Saturday, March 9, 2013

Pasta Fagioli

Moving on from bacon (as I realized the last 2 posts were about bacon), we'll throw in a recipe with no meat at all! I am a self-proclaimed carnivore. My dad was a meat cutter, so meat was a staple food source as I was growing up. Mom hid all sorts of veggies in regular food - I distinctly remember shredded carrots in lasagna, and tofu ending up in Lord knows what. I'm trying to branch out beyond meals that require meat, and this is definitely going to go into the keeper pile.

Pasta Fagioli

Original recipe makes 4 servings

 1 tablespoon olive oil
 2 stalks celery, chopped
 1 onion, chopped
 3 cloves garlic, minced
 2 teaspoons dried parsley
 1 teaspoon Italian seasoning
 1/4 teaspoon crushed red pepper flakes
 salt to taste
 1 (14.5 ounce) can chicken broth
 2 medium tomatoes, peeled and chopped
 1 (8 ounce) can tomato sauce
 1/2 cup uncooked spinach pasta
 1 (15 ounce) can cannellini beans, with liquid


Heat olive oil in a large saucepan over medium heat. Cook celery, onion, garlic, parsley, Italian seasoning, red pepper flakes, and salt in the hot oil until onion is translucent, about 5 minutes. Stir in chicken broth, tomatoes and tomato sauce, and simmer on low for 15 to 20 minutes.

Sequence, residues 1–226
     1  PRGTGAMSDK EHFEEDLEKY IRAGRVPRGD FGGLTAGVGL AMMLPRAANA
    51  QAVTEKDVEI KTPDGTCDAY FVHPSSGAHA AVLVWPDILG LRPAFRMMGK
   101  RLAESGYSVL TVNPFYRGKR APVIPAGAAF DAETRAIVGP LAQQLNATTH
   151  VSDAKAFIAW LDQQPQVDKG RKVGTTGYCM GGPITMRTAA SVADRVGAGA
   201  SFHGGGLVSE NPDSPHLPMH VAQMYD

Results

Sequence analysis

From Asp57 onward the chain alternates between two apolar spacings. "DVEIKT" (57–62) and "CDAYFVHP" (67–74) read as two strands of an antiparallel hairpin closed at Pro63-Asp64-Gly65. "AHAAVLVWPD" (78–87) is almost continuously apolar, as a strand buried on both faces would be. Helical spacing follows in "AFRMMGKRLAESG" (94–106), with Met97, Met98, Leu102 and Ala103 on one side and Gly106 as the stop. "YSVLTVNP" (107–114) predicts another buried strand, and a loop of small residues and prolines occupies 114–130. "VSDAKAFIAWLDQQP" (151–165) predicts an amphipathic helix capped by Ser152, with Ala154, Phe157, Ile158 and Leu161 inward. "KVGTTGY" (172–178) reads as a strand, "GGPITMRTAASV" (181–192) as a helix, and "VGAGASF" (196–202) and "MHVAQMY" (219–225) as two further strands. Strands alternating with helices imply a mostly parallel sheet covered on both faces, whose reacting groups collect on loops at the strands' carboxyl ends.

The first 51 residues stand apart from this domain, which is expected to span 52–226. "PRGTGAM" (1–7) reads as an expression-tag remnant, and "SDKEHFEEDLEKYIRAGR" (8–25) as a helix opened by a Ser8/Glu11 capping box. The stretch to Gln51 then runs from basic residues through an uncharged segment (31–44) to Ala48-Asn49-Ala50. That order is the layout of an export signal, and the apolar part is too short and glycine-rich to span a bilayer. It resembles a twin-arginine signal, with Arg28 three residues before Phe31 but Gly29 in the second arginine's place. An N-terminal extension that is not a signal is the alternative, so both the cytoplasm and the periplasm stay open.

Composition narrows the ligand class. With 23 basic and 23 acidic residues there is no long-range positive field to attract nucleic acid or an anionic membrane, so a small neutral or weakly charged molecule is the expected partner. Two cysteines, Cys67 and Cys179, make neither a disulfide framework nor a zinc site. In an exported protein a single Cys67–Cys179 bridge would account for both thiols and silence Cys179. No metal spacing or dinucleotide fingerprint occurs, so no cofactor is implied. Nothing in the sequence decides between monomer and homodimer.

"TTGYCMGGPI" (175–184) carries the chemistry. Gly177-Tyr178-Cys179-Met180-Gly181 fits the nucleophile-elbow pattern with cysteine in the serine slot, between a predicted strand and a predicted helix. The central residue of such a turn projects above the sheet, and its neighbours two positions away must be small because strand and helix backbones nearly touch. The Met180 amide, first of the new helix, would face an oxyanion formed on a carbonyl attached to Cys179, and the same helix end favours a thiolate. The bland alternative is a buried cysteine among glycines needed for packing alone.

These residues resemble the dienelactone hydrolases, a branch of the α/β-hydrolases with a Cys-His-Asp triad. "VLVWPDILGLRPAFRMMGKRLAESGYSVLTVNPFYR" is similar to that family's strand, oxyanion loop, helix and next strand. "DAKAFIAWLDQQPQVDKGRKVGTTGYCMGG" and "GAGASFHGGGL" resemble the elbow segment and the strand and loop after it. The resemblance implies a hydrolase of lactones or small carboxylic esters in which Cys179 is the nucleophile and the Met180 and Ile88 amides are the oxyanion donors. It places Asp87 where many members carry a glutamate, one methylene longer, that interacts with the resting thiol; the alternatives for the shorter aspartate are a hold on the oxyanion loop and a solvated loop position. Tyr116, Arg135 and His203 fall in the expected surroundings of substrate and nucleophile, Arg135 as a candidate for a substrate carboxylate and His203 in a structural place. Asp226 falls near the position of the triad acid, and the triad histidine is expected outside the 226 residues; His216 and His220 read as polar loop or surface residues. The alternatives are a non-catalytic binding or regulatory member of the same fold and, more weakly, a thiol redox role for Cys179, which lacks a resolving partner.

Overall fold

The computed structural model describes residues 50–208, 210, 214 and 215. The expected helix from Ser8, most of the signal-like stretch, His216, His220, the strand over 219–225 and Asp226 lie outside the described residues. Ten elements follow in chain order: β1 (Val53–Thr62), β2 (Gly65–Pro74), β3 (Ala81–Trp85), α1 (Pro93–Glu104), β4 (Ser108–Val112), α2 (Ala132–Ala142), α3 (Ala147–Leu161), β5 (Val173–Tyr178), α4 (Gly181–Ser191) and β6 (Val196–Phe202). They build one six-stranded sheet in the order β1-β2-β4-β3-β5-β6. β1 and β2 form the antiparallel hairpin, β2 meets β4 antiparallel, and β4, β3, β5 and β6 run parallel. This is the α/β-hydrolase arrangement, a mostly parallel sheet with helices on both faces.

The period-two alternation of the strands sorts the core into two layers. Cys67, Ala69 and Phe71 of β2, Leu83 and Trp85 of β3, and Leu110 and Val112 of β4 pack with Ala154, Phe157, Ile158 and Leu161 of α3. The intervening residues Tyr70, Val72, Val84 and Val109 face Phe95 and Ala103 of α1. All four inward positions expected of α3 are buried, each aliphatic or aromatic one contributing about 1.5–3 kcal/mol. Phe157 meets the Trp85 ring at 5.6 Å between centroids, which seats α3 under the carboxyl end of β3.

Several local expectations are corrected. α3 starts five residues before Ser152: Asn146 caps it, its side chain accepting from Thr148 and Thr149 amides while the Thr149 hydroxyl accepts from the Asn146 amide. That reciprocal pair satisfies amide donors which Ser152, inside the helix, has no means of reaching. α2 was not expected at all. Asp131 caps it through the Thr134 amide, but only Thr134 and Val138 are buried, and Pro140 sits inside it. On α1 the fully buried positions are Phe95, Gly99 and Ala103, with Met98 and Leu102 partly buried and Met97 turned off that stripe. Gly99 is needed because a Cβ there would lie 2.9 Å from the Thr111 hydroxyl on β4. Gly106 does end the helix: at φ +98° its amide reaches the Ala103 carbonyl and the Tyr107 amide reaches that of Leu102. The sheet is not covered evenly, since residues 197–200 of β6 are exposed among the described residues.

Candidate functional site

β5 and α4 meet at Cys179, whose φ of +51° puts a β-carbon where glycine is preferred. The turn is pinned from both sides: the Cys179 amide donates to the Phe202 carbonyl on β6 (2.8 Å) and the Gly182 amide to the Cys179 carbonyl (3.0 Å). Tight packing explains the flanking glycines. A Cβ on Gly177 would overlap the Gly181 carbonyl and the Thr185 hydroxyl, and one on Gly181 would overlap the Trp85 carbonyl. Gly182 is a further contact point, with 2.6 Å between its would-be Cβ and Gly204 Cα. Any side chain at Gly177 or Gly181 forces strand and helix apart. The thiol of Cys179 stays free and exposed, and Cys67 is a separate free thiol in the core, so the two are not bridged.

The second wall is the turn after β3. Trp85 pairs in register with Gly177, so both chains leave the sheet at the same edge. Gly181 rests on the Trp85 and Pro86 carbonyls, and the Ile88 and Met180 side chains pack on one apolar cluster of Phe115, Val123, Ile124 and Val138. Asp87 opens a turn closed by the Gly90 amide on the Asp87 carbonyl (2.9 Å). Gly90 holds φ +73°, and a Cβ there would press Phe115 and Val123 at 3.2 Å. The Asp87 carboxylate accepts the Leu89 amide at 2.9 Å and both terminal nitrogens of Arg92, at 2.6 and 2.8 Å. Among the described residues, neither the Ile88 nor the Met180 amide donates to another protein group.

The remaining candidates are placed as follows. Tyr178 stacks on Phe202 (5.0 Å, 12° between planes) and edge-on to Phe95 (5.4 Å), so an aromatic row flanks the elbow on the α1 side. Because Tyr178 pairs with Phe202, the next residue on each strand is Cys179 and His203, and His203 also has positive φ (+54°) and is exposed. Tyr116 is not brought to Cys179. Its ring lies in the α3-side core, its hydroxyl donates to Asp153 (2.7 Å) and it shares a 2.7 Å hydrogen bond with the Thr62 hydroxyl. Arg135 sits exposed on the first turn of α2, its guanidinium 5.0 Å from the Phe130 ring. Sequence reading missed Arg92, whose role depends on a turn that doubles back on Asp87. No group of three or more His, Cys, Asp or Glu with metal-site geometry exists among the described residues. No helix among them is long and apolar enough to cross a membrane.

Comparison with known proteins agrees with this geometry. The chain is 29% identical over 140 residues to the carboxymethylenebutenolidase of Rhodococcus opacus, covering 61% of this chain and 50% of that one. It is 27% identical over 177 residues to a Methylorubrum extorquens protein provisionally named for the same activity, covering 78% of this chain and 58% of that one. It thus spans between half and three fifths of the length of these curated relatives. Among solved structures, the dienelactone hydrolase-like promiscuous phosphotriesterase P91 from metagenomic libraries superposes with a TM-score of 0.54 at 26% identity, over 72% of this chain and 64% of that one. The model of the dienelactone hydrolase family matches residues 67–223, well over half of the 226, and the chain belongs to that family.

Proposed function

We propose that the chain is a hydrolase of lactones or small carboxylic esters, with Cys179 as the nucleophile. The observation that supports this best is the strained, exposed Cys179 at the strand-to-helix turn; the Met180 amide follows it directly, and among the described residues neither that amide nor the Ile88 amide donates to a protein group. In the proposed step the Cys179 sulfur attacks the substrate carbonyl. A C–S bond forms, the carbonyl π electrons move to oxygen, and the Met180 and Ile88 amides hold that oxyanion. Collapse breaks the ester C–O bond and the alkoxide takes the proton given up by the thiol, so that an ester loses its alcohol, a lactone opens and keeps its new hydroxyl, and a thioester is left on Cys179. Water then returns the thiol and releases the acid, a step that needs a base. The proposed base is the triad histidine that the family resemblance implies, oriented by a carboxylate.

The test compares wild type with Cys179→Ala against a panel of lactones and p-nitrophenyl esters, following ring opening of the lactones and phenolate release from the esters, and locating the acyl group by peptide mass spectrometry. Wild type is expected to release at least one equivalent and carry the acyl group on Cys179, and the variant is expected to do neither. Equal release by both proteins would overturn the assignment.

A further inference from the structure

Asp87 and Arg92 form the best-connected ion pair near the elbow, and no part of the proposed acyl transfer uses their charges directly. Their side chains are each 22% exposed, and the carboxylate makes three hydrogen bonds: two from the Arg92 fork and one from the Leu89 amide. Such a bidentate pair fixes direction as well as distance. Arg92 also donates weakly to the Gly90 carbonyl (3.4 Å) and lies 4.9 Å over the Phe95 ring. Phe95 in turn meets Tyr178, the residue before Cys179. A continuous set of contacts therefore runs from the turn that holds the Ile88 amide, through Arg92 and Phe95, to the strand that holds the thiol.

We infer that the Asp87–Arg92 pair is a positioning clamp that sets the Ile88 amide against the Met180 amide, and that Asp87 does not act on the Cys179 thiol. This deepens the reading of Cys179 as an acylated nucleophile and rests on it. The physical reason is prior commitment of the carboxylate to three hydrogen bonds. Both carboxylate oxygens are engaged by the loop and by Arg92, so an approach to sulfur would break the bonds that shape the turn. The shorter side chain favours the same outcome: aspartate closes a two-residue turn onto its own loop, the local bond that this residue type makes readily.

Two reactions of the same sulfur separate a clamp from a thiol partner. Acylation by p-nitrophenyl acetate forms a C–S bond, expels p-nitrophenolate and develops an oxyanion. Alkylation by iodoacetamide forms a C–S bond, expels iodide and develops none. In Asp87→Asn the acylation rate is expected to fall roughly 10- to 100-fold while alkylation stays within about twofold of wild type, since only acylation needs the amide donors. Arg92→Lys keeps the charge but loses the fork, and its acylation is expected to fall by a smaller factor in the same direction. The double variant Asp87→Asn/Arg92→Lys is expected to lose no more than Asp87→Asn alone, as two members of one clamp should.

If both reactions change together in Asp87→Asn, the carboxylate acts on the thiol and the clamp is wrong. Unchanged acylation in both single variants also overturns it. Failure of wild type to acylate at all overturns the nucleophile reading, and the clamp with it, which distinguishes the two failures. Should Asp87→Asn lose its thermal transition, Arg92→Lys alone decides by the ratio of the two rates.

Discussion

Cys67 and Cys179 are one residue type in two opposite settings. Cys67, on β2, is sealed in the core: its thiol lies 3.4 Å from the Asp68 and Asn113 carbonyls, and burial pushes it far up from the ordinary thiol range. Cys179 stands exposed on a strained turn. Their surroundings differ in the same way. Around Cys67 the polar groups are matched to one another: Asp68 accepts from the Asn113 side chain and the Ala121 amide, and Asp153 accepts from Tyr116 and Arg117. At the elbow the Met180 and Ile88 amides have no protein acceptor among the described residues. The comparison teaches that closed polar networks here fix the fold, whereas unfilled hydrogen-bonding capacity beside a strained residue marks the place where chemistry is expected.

Add pasta and cook 10 minutes, until pasta is tender.
Add undrained beans and mix well. Heat through. Serve with grated Parmesan cheese sprinkled on top.

Followed this one as directed (mostly). I did use chicken bullion to make the broth instead of already made broth. I tend to be a bit over-enthusiastic when adding bullion, and as a result this was a bit overly salty. Made with the appropriate ratio of bullion to water, I think it would be perfect. I added crushed red pepper instead of pepper flakes, and used the Garden's Delight pasta, which is made from carrots, spinach, and tomatoes. I did forgo the actual tomatoes, increasing the water by 2 cups and the pasta by another 1/2 cup. The soup is richly flavored, and beyond being too salty (my fault), it was incredible. 

    I'm looking in to joining a CSA this summer. My special group read The Dirty Life: On Farming, Food, and Love by Kristin Kimball, and I felt inspired. I want to try new veggies that I wouldn't on my own have picked up from Meijer. I want the freshness factor, and the knowledge of exactly where my food is coming from. By no means am I currently jumping on the organic bandwagon, or proclaiming from the rooftops that "this is how you should grocery shop!" I think everyone should make the choice for themselves, what works best for them and their budget. I am definitely excited though, and hoping that if it works out, it will be a growing (lol!) experience. 

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